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A Last Look Inside Covington's IRS Building Before It's Demolished

Ann Thompson
Covington City Manager David Johnston and Communications Manager Dan Hassert look at the massive vacant space once occupied by the IRS for 52 years.

The IRS building hasn't even been demolished and already Covington is getting calls from regional and national developers who want to be involved in the plans for retail, residential and office space. As Covington hires environmental, demolition and engineering companies for the new development, WVXU got a tour of the now-vacant IRS building.

City Manager David Johnston is beginning to learn his way around what he calls "a big cavernous huge building." He took WVXU on a tour and the first thing he notices is how clean it is. "You know, there's a saying that you want to leave a place cleaner than you got it. So I think they took that to heart."

The floors in the lengthly hallways look as if they were buffed not too long ago.

In 2016, the IRS announced a three-year phase out and Covington closed on the 23-acre site in August 2020. It paid $21 million, taking out $30 million in bonds, which Johnston says the city hopes to pay off through real estate sales to private entities.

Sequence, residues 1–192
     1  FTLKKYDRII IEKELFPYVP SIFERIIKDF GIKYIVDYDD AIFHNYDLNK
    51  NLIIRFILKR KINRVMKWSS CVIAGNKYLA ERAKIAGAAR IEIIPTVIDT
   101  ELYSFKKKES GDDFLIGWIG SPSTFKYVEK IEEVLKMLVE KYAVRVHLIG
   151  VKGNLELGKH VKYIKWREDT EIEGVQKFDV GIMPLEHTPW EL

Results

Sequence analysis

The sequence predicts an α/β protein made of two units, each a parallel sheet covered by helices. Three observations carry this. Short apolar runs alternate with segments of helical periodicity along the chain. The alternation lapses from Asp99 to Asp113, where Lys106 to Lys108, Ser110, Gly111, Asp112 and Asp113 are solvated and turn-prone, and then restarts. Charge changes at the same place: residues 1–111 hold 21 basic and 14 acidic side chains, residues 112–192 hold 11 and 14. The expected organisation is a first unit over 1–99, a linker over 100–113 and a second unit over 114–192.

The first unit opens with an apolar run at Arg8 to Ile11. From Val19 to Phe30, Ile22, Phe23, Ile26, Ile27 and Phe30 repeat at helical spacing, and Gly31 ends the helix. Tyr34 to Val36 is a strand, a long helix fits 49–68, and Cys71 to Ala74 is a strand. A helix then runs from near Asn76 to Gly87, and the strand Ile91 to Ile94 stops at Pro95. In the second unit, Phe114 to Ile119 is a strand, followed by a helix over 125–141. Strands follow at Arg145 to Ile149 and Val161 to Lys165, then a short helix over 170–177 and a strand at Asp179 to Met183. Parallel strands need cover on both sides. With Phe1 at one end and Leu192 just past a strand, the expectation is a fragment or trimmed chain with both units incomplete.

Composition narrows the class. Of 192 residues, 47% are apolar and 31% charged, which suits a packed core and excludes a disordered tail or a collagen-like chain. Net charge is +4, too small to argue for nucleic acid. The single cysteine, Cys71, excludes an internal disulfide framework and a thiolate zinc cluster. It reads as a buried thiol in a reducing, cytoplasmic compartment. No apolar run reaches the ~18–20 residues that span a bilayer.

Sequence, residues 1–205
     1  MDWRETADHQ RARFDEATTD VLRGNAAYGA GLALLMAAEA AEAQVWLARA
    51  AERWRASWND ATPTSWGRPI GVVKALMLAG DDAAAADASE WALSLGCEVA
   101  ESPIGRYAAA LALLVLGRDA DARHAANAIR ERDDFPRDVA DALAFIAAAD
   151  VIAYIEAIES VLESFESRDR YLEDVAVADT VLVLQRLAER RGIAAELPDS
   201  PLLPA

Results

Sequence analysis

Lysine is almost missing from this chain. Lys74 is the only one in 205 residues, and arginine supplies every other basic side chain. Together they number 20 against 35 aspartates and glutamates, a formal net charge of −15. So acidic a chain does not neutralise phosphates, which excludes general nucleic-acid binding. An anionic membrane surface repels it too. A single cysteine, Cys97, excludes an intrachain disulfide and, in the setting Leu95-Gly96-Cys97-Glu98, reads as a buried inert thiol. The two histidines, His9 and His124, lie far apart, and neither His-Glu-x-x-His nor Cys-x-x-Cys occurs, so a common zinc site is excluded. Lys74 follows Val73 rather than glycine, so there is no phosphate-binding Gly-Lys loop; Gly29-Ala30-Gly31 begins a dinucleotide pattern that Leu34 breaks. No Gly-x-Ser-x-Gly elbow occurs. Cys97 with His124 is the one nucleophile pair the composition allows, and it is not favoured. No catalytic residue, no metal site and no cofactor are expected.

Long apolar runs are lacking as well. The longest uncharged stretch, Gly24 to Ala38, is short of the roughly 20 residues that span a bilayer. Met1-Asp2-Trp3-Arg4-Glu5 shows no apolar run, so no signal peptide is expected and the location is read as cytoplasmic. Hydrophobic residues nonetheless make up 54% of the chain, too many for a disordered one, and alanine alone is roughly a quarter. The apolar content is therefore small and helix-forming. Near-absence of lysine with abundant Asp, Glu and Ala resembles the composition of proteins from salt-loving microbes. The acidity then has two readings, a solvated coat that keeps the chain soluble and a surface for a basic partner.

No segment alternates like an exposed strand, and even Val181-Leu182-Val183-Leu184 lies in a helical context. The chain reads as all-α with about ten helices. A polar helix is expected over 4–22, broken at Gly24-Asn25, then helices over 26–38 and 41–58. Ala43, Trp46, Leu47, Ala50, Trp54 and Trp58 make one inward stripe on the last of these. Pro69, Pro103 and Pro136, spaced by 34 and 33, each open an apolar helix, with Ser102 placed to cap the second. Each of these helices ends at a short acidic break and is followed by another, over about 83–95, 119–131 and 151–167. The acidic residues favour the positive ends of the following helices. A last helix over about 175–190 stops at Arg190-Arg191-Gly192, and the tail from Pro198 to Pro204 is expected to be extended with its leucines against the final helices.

One thing the IRS did leave behind in the building it abandoned were drawers of blueprints. This helps environmental inspectors and demolition companies. The drawings showed three underground fuel tanks and a 3,000-gallon concrete vault the city will have to deal with. Asbestos issues also have to be addressed.

Credit Ann Thompson / WVXU
Stacks of blueprints show the ins and outs of the massive building.

Covington hopes to hire site demolition and salvage services soon. Here are two RFQs (request for quotation) on the city's procurement portal. A third RFQ for street design and utilities will also be issued.

As Johnston continued the tour with WVXU, we go into a maintenance room where miles and miles of copper wiring used for computers can be recycled.

Credit Ann Thompson / WVXU
Wiring in this maintenance room can be recycled, as Johnston points out.

These rooms were even empty while employees were still in the building. They used to hold massive computers in the 1960s and '70s.

Credit Ann Thompson / WVXU
Computers were so big then that they took up entire rooms.

"A lot has been happening behind the scenes since the city acquired the property," Johnston says. "Now we're accelerating those efforts into a more visible and thus more exciting phase. We are wasting no time in turning this site into something magnificent."

The IRS, with 2,000 employees, used to be Covington's largest employer.

Important to Johnston and others is walkability with the new development. He wants to connect various parts of the City that were previously blocked by the huge IRS campus.